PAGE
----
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here the headquarters of General Early were said to be. Not knowing but that he would fight at Staunton, Colonel Stagg's brigade of General Devin's division was ordered to destroy the railroad bridge over Christian's creek, between Staunton and Waynesboro, to prevent his getting reinforcements by rail, or in case he would not stand, to prevent him carrying off supplies and ordnance stores; the bridge was burned, but General Early, learning of our approach, made hasty retreat to Waynesboro, leaviWaynesboro, leaving word in Staunton that he intended to fight at that place. The next morning we entered Staunton. The question then arose in my mind whether I should pursue my course on to Lynchburg, leaving General Early in my rear, or go out and fight him with my cavalry against his infantry and what cavalry he could collect, defeat him, and open a way through Rock Fish Gap, and have everything in my own hands for the accomplishment of that portion of my instructions which directed the destruction of the C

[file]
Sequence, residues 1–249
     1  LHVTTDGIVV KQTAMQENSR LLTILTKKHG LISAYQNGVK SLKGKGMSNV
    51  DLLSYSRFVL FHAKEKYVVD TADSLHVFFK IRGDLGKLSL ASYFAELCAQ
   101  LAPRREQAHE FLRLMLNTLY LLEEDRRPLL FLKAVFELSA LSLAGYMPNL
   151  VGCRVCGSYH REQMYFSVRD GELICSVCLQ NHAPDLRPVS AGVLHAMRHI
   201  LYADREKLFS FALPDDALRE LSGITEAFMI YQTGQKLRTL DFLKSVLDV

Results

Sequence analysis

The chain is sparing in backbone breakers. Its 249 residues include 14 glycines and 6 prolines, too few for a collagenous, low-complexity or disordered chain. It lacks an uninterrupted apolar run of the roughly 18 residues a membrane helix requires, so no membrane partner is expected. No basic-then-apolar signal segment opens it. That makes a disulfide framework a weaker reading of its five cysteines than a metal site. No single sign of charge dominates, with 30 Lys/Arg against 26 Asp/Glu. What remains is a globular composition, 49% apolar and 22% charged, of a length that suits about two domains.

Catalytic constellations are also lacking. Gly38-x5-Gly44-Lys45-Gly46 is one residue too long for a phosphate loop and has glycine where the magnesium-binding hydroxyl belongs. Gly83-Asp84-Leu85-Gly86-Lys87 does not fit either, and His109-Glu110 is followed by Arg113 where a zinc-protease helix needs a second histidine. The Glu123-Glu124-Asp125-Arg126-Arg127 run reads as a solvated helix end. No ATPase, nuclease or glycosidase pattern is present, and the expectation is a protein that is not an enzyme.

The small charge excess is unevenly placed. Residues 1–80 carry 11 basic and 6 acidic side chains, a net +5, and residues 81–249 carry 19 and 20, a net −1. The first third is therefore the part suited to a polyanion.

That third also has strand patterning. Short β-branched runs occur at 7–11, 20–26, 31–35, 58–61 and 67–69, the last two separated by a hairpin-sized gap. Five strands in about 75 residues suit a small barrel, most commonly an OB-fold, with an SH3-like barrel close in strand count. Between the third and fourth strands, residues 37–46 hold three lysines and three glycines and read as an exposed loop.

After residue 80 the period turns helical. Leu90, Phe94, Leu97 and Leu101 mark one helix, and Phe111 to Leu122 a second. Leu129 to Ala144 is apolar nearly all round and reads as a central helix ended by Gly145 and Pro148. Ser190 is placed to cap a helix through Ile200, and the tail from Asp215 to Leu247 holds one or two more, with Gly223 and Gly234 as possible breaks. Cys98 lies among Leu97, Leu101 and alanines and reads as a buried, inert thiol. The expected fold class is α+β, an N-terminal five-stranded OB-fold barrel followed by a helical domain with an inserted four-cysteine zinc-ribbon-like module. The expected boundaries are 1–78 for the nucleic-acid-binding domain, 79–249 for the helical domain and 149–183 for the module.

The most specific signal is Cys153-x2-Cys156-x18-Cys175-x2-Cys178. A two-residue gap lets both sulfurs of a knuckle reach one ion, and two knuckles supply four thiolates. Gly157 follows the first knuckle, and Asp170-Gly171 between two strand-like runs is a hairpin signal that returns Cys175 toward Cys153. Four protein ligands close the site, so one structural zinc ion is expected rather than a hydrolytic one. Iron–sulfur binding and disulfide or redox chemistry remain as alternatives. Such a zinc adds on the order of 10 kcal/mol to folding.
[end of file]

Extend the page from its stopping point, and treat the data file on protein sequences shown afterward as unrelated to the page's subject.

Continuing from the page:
-sixth Merritt's division of cavalry was ordered to Port Republic, and Torbert to Staunton and Waynesboro to destroy the bridge at the latter place, and, in retiring, to burn all forage, drive off allLowell's brigade of regulars. On the twenty-seventh while Torbert was making his advance on Waynesboro, I ordered Merritt to make a demonstration on Brown's gap to cover the movement. This broughtin force only to Port Republic, after which he fell back. Torbert this day took possession of Waynesboro, and partially destroyed the railroad bridge, but about dark on the twenty-eighth was attackedGeneral Custer to join his command at Piedmont. At the same time a reconnoissance in force to Waynesboro and Rock Fish gap, but heard nothing from the reconnoissance until the whole party returned. I immediately started the whole force to Waynesboro, which place we reached, a distance of twelve miles, just after dark, and bivouacked for the night. On the next morning (the twenty-eighth) proce